The investigation into Michaelenko’s disappearance was hampered by the fact that she wasn’t reported missing for six weeks after she disappeared. If you have information regarding the disappearance of Donna, please call the McHenry County Sheriff’s Office (the county where Donna lived) at 701-537-5633 or the McLean County Sheriff’s office (where she allegedly disappeared) at 701-462-8103.
We visited Balfour in November of 2014, nine years after our first visit, to get some photos of all the things we missed the first time. We actually tried to revisit Balfour in 2012, but a road construction crew had traffic at a complete stop on Highway 52, complicating our travel schedule, and we decided to wait until another time, so it was nice to finally get back there. …
Steven Lee sent in these photos of Verendrye, North Dakota with the following comments:
My father, Howard Lee, took these photos. They were taken during the flooding of the Mouse River sometime in the mid to late forties. He grew up on his grandfather’s (Herbrand Lee) farm, 2 or 3 miles northeast of Verendrye. Herbrand Lee homesteaded in the area.
We’ve long hoped to run across some photos of the town that was once Verendrye, North Dakota. We drove by the crumbling facade of the school a few years ago and snapped a photo, but we hadn’t yet seen any photos of Verendrye when it still looked like a town. So, we were thrilled when we got an email from Kathy Haynes with some photos and a drawing attached. She was very informative, and her comments and captions are shown below. …
This is the former Balfour Public School. It was built sometime between 1899 and 1910. Other than that, we know very little about this school, or what happened to it. If you know more about this school, we would invite you to click on the photo below and add your comments on the ensuing page. Note the former Balfour church in the background.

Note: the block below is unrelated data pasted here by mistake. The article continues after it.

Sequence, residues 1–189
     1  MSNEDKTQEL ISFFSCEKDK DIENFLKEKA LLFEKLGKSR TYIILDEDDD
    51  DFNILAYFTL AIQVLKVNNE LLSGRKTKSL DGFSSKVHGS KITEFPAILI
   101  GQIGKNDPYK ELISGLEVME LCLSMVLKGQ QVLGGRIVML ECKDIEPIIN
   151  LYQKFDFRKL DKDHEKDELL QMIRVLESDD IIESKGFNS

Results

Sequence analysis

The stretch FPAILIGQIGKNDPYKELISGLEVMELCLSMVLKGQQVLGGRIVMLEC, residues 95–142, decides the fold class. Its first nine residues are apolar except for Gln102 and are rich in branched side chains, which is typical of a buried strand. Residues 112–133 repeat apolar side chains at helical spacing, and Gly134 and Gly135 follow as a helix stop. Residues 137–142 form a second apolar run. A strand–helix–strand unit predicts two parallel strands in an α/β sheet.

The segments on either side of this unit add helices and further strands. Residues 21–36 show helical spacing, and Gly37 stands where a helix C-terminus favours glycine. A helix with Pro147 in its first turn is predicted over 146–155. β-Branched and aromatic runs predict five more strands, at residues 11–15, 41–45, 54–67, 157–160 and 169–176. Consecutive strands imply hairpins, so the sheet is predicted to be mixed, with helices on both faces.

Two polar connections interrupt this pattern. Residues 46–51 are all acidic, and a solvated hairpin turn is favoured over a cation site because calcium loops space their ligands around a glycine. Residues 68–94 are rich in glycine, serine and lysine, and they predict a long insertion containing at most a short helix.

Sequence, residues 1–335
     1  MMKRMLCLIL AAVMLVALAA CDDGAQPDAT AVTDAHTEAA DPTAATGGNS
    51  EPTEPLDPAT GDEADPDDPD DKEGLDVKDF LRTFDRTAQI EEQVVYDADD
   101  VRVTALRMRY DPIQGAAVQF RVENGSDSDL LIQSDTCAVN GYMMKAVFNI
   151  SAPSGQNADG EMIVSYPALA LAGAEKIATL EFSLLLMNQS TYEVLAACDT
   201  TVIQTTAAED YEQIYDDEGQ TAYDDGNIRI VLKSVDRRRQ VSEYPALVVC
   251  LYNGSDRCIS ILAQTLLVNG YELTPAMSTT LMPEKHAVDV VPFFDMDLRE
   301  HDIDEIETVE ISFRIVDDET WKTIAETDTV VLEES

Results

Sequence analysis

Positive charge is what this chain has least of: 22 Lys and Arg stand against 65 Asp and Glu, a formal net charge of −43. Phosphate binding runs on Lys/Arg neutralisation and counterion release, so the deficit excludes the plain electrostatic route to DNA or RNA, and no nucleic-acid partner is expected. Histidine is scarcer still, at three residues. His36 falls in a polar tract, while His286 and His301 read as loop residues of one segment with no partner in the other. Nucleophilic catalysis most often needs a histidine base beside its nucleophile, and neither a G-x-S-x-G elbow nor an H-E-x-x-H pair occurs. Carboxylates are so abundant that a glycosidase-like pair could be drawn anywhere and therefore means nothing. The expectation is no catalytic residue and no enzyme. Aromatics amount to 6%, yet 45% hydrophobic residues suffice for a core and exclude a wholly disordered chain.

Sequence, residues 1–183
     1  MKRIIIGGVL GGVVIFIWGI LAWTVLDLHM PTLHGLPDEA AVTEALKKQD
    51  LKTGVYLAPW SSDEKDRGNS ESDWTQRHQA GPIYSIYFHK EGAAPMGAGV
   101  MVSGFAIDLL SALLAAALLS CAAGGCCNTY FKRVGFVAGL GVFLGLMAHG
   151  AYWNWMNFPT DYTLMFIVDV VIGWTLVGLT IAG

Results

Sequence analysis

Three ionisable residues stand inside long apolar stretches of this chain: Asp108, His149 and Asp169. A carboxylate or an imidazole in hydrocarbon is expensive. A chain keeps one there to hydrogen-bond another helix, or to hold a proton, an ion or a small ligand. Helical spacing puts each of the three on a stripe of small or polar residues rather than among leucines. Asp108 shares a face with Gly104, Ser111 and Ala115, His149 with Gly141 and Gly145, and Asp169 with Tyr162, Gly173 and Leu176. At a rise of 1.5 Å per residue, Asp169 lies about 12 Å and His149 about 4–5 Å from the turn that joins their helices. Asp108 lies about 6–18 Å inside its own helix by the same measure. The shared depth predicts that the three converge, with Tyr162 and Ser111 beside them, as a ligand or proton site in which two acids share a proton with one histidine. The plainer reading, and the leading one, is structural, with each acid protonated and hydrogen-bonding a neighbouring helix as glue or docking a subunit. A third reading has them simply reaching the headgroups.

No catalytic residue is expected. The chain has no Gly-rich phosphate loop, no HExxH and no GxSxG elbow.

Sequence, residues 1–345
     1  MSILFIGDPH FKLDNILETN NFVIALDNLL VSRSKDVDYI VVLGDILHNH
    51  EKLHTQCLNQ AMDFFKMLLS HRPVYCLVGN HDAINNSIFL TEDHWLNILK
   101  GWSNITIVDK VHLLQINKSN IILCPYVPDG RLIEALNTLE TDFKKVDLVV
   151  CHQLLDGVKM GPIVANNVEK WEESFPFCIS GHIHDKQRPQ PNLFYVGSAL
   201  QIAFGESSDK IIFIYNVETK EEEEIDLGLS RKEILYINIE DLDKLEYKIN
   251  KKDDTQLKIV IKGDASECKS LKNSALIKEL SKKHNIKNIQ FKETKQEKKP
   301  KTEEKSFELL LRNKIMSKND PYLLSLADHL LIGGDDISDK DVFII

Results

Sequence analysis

We found this postcard going through some old files but we have no record of who sent it to us. Thank you, whoever you are.
We visited Falsen School in Verendrye, North Dakota in 2010 and discovered it was all that was all left of the town that once stood here. Just a lonely, crumbling facade of the school remains. It was on clearly posted private land, so we weren’t able to get closer on this visit. …
Balfour was founded in in 1898 about 35 miles southeast of Minot. It was named for Arthur, Lord Balfour, a British statesman and essayist. Population is said to have peaked at 390, but it now holds less than thirty.
US Census Data for Balfour
Total Population by Place
Balfour is home to numerous vacant structures, including an impressive abandoned school. Balfour’s current residents are doing a very good job of safeguarding the town’s history when it comes to out of town visitors. They approached us for a friendly chat within ten minutes of our arrival.
All photos by Troy Larson and Terry Hinnenkamp, Copyright Sonic Tremor Media LLC